S.U. Kamdar, J.
1. Economic progress usher with it economic perversity such as the land scam, Petrol Pump scam, import export scam, Hawala scam, security scam, shares and stocks scam, bank scam etc. With the passage of time the method of committing these scams has been more involved and more complex and are woven into various webs. Thus as a collary thereto investigations into such scams are also required to be more scientific, more intrinsic and more detailed with the help of the experts. Corporate frauds and corporate misconduct are also another facet of such scams. Companies are being floated and are disappearing into thin air making the common man poorer and poorer by thousands of crores of rupees. These 16 appeals are challenging an order passed by the company law board under which it has ordered an investigation into one of such alleged scams under section 237(b)(i) of the companies Act which is being known as Ketan Parekh - stock scam of 2001.
2. Few facts dealing with the complex question of law which have been raised by the appellant in the present proceedings are briefly narrated as under :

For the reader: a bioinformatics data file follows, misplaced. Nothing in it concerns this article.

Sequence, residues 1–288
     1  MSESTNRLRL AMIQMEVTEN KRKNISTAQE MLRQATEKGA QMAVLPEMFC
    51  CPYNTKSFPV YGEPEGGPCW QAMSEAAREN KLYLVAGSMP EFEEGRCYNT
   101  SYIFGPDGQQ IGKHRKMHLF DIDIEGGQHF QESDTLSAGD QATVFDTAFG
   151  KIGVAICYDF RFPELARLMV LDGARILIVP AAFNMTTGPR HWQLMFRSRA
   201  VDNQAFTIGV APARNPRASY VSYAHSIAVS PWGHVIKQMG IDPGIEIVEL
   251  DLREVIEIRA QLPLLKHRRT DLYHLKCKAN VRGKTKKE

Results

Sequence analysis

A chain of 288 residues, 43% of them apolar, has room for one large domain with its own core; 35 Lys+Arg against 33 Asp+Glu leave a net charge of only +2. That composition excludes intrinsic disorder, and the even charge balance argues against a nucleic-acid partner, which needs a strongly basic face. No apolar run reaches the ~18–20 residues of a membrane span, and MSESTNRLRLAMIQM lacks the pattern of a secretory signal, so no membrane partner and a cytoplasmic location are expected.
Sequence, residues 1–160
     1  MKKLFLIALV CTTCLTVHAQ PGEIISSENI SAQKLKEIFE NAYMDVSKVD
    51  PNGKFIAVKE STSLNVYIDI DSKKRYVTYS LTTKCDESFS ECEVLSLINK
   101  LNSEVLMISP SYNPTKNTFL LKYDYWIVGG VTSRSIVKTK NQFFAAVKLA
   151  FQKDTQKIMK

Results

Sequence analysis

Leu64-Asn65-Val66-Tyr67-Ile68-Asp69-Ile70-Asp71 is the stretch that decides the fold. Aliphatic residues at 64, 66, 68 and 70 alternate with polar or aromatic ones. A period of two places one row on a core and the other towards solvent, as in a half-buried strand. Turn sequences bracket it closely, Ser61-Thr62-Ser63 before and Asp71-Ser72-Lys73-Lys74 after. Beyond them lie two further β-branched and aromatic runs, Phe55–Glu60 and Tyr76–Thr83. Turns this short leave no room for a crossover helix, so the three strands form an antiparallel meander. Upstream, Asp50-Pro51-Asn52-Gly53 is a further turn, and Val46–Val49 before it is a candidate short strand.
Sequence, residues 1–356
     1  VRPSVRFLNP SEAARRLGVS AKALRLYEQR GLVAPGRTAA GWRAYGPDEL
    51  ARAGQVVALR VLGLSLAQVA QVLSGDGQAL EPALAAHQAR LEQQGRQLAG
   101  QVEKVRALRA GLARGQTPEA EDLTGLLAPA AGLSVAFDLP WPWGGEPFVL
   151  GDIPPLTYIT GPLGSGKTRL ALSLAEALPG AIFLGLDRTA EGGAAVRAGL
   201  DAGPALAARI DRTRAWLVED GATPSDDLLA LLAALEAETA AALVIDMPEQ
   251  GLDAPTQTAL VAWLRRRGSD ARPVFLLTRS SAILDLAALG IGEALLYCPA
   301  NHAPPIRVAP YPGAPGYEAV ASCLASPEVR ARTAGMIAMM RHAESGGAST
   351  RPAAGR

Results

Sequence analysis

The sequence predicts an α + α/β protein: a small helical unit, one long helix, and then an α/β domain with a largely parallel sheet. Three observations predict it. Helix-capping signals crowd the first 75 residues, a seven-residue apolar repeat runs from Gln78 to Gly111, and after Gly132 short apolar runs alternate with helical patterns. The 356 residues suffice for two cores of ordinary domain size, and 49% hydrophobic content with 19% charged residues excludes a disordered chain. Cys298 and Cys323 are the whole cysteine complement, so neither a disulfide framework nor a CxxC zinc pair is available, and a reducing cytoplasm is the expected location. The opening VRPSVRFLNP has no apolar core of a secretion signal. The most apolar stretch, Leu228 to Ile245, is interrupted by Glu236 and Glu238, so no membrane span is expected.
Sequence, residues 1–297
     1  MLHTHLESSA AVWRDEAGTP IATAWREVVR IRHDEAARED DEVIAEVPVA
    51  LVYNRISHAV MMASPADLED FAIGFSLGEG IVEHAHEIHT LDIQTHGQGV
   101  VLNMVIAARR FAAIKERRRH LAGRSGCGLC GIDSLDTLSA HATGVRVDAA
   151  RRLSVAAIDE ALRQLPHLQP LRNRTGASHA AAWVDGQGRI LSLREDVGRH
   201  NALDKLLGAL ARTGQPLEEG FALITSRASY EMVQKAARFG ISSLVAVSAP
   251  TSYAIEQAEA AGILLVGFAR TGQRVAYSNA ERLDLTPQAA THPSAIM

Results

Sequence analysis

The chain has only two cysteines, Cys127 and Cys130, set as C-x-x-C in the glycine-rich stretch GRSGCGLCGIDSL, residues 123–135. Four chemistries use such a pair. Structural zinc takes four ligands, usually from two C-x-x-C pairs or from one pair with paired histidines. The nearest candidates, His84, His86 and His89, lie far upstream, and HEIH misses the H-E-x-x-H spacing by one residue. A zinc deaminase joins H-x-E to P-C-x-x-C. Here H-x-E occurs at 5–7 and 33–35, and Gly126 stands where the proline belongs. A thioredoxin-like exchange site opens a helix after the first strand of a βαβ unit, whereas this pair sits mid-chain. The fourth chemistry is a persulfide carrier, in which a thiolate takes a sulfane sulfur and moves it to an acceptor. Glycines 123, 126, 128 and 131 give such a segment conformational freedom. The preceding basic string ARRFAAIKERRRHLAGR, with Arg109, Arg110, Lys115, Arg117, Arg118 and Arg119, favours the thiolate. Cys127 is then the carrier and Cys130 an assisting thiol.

3. In 2001 there was a sudden crash in the stock market i.e. the sudden increase in the prices over the board securities in the period 1999-2000 and then sudden crash of the stock market is attributed and alleged to one Mr. Ketan Parekh. It is alleged that he by his conduct through his various entities and companies has committed fraud which led to the said crash in the stock market. It is also alleged that the 14 companies in the present appeals are entities which are controlled and owned directly or indirectly by the said Ketan Parekh, who is the alleged King-player in the stock exchange scam of 2001. There are also allegations that with the crash of the stock market, there has simultaneously been a crash of the Madhavpura Co-operative Bank, Global Trust Bank and UTI and thousands of crores of rupees have been siphoned off from the system. With a hue and cry from the public the lok Sabha on 26.4.2001 constituted the parliamentary committee as fact finding committee to investigate the said 2001 Stock Exchange crash. The terms of reference of the said joint parliamentary committee have been enlarged on 3.8.2001 and inquiries pertaining to the crash of UTI were also made part of the said joint parliamentary committee. The joint parliamentary committee has given their report and has inter-alia recommended in para 11 to 35 of the report that the investigations must be carried out in respect of 6 corporate groups belonging to Ketan Parekh and that the department of company affairs has been informed that 6 out 0f 10 corporate groups have transferred huge amount to entities and associates of Ketan Parekh and this aspect requires investigation. Joint parliamentary committee has also simultaneously directed SEBI to carry out investigations to take appropriate action within the provisions of Security Exchange Board India Act, 1992 as amended from time to time (hereinafter referred to as 'the SEBI act').